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Monday, February 06, 2006 | At $300 or so, a home warranty seems like a great deal.

For a few hundred bucks, the warranty company promises a vision of peace of mind for a homeowner’s first 12 months in their new abode. The warranties, which cover a range of potentially expensive repairs such as a broken dishwasher or a faulty heater, purport to offer the policy holder an extra level of security. If things go wrong, the sales pitch goes, the warranty is there to bail the new homeowner out of trouble.

But local Realtors and their clients tell a different story about their experiences with home warranty companies. Though some San Diego Realtors reported a positive relationship with the warranty companies, most cautioned that the pretty picture companies paint for their clients soon washes off once those customers need help.

“What we have now is worthless, it’s no good for anyone,” said Jim Abbott, a Realtor who lives and works in downtown San Diego.

Abbott has had numerous run-ins with home warranty companies, both as a Realtor and an individual homeowner. He said he “hasn’t found a decent company to work with yet.” His primary complaint with the warranty companies is the poor quality of the workers they use. The warranty companies select their contractors based not on the technicians’ experience or their skill level, Abbott said, but on who can do the work the cheapest.

The result, Abbott said, is that homeowners often end up dealing with someone who simply doesn’t know what they are doing.

“They’re working from home, they’re working out of a car, they’re marginal people, they’re not people that could compete in any other way,” he said.

Not so, said Lorna Mello, vice president of marketing at Old Republic Home Protection, a warranty company that Abbott, as a homeowner himself, used to have a policy with. Mello said home-warranty companies take choosing their contractors very seriously.

Mello said her company has a department that deals solely with the selection of contractors, and that each contractor they hire is chosen on the basis of their experience and their skill-set and must pass a detailed application process. However, Mello said one challenge warranty companies face is that the companies they deal with can still hire whomever they want as the technicians who deal with customers. That makes it difficult for the warranty companies to keep tags on them, she said.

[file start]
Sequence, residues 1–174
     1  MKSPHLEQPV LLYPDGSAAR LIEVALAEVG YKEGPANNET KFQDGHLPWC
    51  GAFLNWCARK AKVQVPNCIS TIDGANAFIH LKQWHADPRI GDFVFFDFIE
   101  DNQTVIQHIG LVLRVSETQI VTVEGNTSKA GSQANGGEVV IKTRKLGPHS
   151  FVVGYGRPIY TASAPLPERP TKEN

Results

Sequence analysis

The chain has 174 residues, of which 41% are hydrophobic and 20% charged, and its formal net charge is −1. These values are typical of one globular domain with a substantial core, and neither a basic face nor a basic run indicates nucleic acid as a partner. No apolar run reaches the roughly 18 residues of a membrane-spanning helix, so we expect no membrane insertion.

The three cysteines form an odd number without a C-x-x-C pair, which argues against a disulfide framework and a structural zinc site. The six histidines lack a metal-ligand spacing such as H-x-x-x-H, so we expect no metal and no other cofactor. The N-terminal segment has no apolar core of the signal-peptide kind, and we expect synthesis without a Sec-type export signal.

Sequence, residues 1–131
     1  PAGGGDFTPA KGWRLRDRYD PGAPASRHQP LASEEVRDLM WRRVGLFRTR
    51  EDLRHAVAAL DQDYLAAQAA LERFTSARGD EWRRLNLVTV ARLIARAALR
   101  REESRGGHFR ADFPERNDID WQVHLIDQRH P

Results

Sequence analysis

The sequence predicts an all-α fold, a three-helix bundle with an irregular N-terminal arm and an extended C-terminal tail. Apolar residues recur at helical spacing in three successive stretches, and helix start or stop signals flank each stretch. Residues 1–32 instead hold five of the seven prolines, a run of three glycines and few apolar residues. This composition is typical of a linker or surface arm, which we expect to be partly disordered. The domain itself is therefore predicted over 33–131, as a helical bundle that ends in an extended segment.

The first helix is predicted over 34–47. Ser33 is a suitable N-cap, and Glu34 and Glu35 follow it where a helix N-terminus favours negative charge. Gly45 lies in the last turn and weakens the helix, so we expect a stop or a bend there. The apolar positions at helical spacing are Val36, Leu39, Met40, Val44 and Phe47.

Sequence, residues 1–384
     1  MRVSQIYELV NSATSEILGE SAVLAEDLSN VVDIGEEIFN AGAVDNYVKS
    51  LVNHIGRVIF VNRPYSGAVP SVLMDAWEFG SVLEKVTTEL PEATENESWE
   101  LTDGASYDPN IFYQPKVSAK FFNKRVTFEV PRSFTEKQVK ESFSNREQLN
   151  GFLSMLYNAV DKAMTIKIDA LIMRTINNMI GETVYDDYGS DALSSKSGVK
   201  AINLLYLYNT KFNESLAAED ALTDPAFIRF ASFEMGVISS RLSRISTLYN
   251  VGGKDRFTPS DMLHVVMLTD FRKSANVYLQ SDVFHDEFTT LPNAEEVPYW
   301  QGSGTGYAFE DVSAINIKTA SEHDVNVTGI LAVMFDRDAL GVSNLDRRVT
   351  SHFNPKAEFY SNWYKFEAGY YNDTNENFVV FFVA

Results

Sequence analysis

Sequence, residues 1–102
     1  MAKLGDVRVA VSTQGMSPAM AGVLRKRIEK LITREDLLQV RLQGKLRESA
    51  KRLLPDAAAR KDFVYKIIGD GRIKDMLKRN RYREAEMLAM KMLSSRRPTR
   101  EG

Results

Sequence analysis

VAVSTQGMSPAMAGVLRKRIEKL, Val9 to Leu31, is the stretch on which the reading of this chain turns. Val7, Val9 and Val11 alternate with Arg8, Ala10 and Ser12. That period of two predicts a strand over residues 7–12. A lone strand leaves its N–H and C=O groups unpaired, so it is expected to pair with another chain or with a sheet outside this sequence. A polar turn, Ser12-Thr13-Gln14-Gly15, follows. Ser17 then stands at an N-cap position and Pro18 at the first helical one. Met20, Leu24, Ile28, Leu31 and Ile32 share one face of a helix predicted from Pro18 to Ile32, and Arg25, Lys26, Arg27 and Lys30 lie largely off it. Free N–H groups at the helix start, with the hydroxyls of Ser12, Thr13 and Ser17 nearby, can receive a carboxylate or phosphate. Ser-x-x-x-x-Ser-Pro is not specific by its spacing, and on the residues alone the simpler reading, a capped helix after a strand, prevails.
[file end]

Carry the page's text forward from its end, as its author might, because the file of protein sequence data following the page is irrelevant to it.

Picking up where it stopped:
“Just because the company has got years of experience, doesn’t necessarily mean who they send out is going to be the most seasoned technician,” Mello said.

Technicians like the guy who came to fix David MacDonald’s heater.

MacDonald bought a house in the college area of San Diego last year. He bought the $400,000 home while he was living out of state, and, because he was unable to view the property, he ordered a home inspection before signing off on the sale. When he and his wife moved in, MacDonald found the property’s heater didn’t work properly. He called his home warranty company.

The company sent him a technician who MacDonald claims was negligent in his work. MacDonald said he later found out the company had never used the technician before, and after he hade made a mess of MacDonald’s heater, MacDonald said, the company never used him again either. The technician pulled apart his heating system before admitting that he had no idea what was wrong with it, MacDonald said.

To add insult to injury, MacDonald said the warranty company then advised him to purchase a new heater – at a cost of nearly $3,000 – only to turn around and tell him that he actually wasn’t covered for the cost of the replacement.

“I’m really just completely disgusted by the whole thing,” said MacDonald. “It’s basically just, hey, we’ll take your money and argue about it after the fact, and they’re really just not doing anything.”

“I feel basically used by the whole thing,” he added.

Local Realtors said MacDonald’s experience is not unique.

Craig Gagliardi, a downtown Realtor, said home warranty companies “basically sit back and collect money,” and are notorious for giving their customers short shrift. Gagliardi said he always advises his clients to go through him to get to the warranty company. The company is much more likely to deal with someone who is feeding them business, Gagliardi said, and trying to talk to them one-on-one is never a good idea.

By contrast, Peter Toner, a Realtor in La Jolla, said he has had nothing but good experiences with home-warranty companies. That could be because Toner works exclusively with one warranty company, he said, thereby building up a good relationship that only benefits his clients.

Vince Malta, president of the California Association of Realtors, said such a good relationship between a realtor and the home warranty companies they use is always in the best interests of customers, Realtors and warranty companies alike.

“You’re as good as the last transaction you’ve done,” Malta said. “If you’ve had a bad experience with someone, and the Realtor feels it’s inappropriate, unfortunately, the Realtor will remember you for the last thing you’ve done.”

For Abbott, that means he remembers his home warranty company as the guys who sent him a technician to fix his expensive Bosch dishwasher who had never worked on that brand before.

After scratching his head for three weeks, the technician admitted that he didn’t know how to fix it, Abbott said. The warranty company then sent over another technician who also admitted defeat.

Finally, Abbott bought himself a new dishwasher, incurring considerable costs in the process. He passed the old machine on to a neighbor, who promptly had one small part replaced by a skilled electrician.

The dishwasher has worked perfectly ever since.

Please contact Will Carless directly at

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